Field Programmable Gate Arrays (FPGAs) are microprocessors that are based around a matrix of configurable logic blocks (CLBs) connected via programmable interconnects. The cool thing about FPGAs is that they can be programmed and reprogrammed to a desired application or functionality.
So a chipmaker can program the logic of a new chip into an FPGA - thus making a prototype that can be used to test. Needless to say, it won’t behave exactly like the final silicon chip in terms of speed and maybe some functionalities too.
👉🏽 The design process of a chip is EDA → FPGA → Tape-out → Production.
Mindgrove Technologies is a deep-tech company that designs SoCs under the brand “Mindgrove Silicon.” It is powered by the RISC-V based Shakti core developed at IIT-Madras.
It is based out of the IIT Madras Research Park - and is incubated at Pravartak Innovation Hub and IIT Madras Incubation Cell. IIT Madras has a rich legacy of VLSI research - thus making it the best place in India for a new fabless.
The first three Mindgrove Silicon SoCs are Secure IoT, Vision SoC, and Edge Compute. The tape-out for the first of these - Secure IoT - is due in mid-2023, and production is expected to commence in late 2023. Secure IoT is 1/2 the size of microprocessor chips in the market, leading to better battery life and lower cost. Plus it has hardware-accelerated encryption embedded in the chip.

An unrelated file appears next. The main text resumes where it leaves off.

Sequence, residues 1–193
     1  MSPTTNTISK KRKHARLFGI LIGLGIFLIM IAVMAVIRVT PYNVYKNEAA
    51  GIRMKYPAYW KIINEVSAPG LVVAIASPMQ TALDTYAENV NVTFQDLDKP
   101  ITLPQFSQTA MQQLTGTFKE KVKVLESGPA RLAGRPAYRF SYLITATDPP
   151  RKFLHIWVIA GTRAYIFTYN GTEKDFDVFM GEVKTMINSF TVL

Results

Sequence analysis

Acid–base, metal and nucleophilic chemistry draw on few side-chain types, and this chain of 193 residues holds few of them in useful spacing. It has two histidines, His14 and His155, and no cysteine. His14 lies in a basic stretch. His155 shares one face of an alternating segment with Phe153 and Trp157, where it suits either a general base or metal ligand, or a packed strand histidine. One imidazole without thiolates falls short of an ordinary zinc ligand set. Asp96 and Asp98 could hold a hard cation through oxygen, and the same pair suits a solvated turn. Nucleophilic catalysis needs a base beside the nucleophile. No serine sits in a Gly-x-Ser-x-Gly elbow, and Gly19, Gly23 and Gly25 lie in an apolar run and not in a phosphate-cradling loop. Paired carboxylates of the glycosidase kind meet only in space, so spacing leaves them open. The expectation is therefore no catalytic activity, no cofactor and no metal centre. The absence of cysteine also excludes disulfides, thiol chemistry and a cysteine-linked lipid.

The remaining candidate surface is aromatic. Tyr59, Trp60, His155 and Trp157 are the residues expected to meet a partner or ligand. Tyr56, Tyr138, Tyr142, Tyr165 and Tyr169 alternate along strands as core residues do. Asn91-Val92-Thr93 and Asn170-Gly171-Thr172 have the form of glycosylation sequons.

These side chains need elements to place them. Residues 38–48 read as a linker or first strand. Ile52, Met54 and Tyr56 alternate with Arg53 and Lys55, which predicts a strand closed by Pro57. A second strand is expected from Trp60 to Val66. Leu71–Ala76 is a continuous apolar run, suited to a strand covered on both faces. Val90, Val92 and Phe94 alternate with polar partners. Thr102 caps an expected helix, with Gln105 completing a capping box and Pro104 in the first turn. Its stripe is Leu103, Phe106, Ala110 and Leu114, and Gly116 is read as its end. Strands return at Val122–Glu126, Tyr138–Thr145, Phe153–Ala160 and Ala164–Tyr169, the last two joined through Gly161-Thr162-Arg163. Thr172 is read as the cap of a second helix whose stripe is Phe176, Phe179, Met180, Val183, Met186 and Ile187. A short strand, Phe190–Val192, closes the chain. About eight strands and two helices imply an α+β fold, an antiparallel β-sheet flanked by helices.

In the last 75 years, the semiconductor industry has transformed the world. Most of the inventions and innovations have come from a small set of people based in a few universities and companies.
It might feel like one needs a degree in computer science to engage in chip-talk. But it really isn’t so. And now that you have read our introduction to semicon-lingo, you can ace that networking lunch.
Oh, and in case the conversation veers towards “chip-wars” and you need to prepare again, here are two excellent resources: Chris Miller’s excellent book Chip War: The Fight for the World's Most Critical Technology and Johnny Harris’ video USA vs China, The War You Can't See.